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15january20106Dharamshala: Tsering Dorjee is a firm discipline of Truku Tenzin Delek, a prominent Buddhist leader who founded two Tibetan schools, developed educational programs for impoverished nomads and advocated environmental conservation. Tsering Dorjee's backing of Tenzin Delek Rinpoche led to a successful teaching position in one of Tenzin Delek's schools, as well as arrest, jail time and repeated torture.

In 1996, Chinese authorities arrested Dorjee for supporting Tenzin Delek Rinpoche, an alleged terrorist, according to Chinese officials. Although there was no - and still isn't - any definable proof, the Chinese had pegged Tenzin Delek with unsolved bombings in Eastern Tibet - a statue of Chairman Mao had been blown up, and the government wanted "justice".

For six months Tsering Dorjee was detained. The beatings, he said, were endless. The Chinese authorities wanted him to "confess" that he knew Tenzin Delek Rinpoche to be a criminal. They Chinese were fishing for an accusation.

"We were tortured to such an extreme during those six months that I wanted to kill myself," Dorjee said through a translator.

But Dorjee wasn't the only one. About 150-160 other Tibetan supporters also were jailed and tortured for the same reason. But no matter the number of prisoners, the Tibetan community did not give up Tenzin Delek as a criminal, even when the Chinese put together a propaganda film about the supposed wrongdoings of Tenzin Delek.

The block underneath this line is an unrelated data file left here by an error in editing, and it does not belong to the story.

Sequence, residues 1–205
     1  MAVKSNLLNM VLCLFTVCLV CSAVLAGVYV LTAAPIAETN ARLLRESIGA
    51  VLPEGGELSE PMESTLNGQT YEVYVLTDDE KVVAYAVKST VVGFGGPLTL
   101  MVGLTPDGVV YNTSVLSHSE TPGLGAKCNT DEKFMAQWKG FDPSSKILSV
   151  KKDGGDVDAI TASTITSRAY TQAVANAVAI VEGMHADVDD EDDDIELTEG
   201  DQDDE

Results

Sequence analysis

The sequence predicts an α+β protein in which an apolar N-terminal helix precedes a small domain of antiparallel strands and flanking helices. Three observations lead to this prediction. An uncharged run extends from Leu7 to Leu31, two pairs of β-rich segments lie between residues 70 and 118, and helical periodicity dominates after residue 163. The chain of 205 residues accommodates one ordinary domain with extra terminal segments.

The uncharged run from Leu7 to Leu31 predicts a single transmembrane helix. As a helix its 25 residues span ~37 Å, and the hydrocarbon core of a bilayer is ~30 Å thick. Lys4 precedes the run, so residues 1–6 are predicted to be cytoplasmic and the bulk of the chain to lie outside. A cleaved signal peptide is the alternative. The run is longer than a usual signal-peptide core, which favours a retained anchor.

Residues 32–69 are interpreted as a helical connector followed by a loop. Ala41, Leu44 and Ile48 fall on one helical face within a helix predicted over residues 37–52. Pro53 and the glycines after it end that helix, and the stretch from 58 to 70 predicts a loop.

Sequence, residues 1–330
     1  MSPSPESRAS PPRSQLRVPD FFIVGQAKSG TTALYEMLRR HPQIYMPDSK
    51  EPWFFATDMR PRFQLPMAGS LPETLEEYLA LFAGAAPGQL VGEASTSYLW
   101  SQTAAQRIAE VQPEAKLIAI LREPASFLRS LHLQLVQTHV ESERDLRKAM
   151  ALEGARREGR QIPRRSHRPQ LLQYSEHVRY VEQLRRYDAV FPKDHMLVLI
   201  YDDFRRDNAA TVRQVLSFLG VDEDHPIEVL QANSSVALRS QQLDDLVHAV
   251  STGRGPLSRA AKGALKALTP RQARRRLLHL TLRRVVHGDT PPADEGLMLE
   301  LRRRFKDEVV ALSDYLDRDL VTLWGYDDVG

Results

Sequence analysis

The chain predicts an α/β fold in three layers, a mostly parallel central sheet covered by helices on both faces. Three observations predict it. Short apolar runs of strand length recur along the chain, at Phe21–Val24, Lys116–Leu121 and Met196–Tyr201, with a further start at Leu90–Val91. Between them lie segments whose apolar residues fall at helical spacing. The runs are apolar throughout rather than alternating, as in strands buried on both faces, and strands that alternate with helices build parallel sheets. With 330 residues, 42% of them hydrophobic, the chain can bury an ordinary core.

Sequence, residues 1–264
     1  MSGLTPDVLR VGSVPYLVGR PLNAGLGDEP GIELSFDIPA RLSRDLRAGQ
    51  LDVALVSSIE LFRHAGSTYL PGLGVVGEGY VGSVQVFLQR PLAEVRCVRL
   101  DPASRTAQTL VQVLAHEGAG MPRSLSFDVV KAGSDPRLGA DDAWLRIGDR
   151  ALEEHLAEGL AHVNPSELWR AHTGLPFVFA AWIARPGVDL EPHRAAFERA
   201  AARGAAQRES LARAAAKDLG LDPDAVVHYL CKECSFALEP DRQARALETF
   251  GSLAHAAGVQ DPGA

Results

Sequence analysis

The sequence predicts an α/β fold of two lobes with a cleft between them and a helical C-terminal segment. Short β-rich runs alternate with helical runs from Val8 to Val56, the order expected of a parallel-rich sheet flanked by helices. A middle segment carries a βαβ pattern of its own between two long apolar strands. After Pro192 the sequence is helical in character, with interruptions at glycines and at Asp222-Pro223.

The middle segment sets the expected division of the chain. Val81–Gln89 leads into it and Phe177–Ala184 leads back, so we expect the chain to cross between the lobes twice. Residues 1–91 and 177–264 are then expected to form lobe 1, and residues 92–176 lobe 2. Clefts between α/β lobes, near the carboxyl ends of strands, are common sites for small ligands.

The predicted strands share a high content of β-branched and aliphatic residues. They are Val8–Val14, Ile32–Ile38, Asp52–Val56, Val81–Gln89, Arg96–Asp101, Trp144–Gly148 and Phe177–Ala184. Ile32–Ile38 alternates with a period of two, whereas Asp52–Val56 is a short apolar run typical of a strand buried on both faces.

"The film had been manipulated with computer graphics so it looked like Truku [Tenzin Delek] was admitting his crimes," Dorjee said. "But no one in the Tibetan community believed this. It was all false."

After six months of torture, Dorjee was released, bruised and nearly broken. About a year later, in 1998, Dorjee fled for India.

In 2002, Tenzin Delek and his alleged alibi were sentenced to death. The other man who was assumed to be Tenzin Delek's partner in crime, Lobsang Dhondup, was executed almost immediately. Thanks to international pressure from human rights groups and the United Nations, Tenzin Delek's sentence was commuted to a life in prison instead. His crimes have never been proven. He remains imprisoned.

On December 5, 2009, about 300 Tibetans from the Lithang Region staged a peaceful protest for the release of Tenzin Delek. Chinese authorities responded with force: approximately 90 protesters were hit or even beaten, and 60 were detained.

From his refugee camp in Dharamsala, India, Dorjee has an appeal:

"Support the truth," he said. "I'm calling on the US, the UN and the European parliaments for continuous support for [Tenzin Delek's] release, as well as aid for the Tibetan cause. Thank you."

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